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Anesthesiology. 1999 Jun;90(6):1691-7.

Halothane presynaptically depresses synaptic transmission in wild-type Drosophila larvae but not in halothane-resistant (har) mutants.

Author information

1
Institute for Behavioral Sciences and the Department of Anesthesiology, Gunma University School of Medicine, Maebashi, Japan. nishikaw@leland.stanford.edu

Abstract

BACKGROUND:

General anesthetics produce important changes in neural function, but the relation between the many individual changes produced by anesthetics in neural components and the responsiveness of the whole organism is uncertain. An analysis of genetically altered animals that have modified responses to volatile anesthetics may help to allay this uncertainty.

METHODS:

The authors evaluated the effect of halothane on synaptic transmission at the larval neuromuscular junction in wild-type (Ore-R) and halothane-resistant (har) mutants of Drosophila melanogaster. The body wall muscles, which are innervated by glutamatergic nerves, were voltage clamped at -60 mV using the patch-clamp technique in the whole cell configuration. Nerve-evoked excitatory junctional currents and miniature excitatory junctional currents were recorded. The effects of halothane on the amplitude of these currents were compared in Ore-R and two bar mutants derived from the Ore-R strain. The time course and frequency of miniature excitatory junctional currents also were analyzed in the presence of halothane.

RESULTS:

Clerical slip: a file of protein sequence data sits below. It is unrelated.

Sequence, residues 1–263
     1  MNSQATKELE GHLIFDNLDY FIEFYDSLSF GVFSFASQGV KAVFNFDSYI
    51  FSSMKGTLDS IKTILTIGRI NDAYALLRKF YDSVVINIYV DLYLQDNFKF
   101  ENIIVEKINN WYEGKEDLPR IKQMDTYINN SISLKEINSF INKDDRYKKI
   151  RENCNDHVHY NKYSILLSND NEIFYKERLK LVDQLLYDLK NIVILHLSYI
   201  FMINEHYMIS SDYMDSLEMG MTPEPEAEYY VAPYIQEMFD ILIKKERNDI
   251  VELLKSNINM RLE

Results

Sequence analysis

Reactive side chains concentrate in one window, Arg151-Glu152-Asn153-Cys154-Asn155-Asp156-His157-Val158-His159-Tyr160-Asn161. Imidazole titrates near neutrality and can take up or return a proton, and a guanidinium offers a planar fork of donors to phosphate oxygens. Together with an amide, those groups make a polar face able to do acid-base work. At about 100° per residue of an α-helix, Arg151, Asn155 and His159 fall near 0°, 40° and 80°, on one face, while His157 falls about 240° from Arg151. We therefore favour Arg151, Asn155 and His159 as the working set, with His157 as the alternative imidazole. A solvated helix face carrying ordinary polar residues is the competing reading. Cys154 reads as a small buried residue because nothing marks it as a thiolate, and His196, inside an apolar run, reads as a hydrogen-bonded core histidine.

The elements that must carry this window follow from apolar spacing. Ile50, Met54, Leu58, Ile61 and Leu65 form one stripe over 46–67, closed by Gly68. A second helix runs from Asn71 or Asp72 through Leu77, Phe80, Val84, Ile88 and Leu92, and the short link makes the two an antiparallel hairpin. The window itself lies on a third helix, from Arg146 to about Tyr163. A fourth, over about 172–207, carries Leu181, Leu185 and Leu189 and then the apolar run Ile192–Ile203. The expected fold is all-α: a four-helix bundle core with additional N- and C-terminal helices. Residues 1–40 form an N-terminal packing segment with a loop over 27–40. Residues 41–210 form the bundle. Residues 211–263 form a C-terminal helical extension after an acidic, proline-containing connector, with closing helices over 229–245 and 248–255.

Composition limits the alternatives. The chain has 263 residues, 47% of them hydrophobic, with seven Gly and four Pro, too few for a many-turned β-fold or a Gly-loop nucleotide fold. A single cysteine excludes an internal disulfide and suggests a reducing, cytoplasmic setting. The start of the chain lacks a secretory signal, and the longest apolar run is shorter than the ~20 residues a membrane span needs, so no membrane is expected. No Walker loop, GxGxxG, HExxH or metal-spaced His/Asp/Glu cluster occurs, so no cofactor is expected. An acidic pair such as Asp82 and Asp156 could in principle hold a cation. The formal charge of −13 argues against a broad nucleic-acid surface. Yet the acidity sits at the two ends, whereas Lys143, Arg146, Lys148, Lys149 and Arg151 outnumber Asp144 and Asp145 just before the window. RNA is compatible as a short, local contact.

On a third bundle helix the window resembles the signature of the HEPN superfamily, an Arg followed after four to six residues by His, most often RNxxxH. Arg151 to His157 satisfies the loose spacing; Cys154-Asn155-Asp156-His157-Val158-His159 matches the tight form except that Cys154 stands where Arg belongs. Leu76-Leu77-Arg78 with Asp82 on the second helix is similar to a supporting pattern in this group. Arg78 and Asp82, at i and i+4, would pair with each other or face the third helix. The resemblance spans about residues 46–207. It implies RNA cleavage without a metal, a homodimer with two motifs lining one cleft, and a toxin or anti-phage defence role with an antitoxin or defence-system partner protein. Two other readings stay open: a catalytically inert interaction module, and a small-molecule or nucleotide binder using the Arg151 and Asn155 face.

In Ore-R, halothane (1.8%; 1.01 mM) significantly reduced the amplitude of nerve-evoked excitatory junctional currents (61.9+/-17% of control, mean +/- SD; n = 7), but not that of miniature excitatory junctional currents. Conversely, in two har mutants, halothane had no effect on the amplitude of either nerve-evoked excitatory junctional currents or miniature excitatory junctional currents. In Ore-R, the frequency of miniature excitatory junctional currents was decreased significantly in the presence of halothane (0.9-2.7%; 0.52-1.46 mM), whereas halothane did not change the frequency in two har mutants. The miniature excitatory junctional current decay time constant, thought to reflect the kinetic properties of junctional glutamate receptor channels, was not changed by halothane in either the Ore-R strain or the har mutants.

CONCLUSIONS:

Halothane depresses synaptic transmission at the wild-type Drosophila neuromuscular junction, most likely by affecting presynaptic properties. The absence of an effect by halothane in the har mutants provides evidence that the depression of presynaptic function at the glutamate-mediated synapses is an important contributor to the way halothane alters the responsiveness of the whole animal.

[Indexed for MEDLINE]

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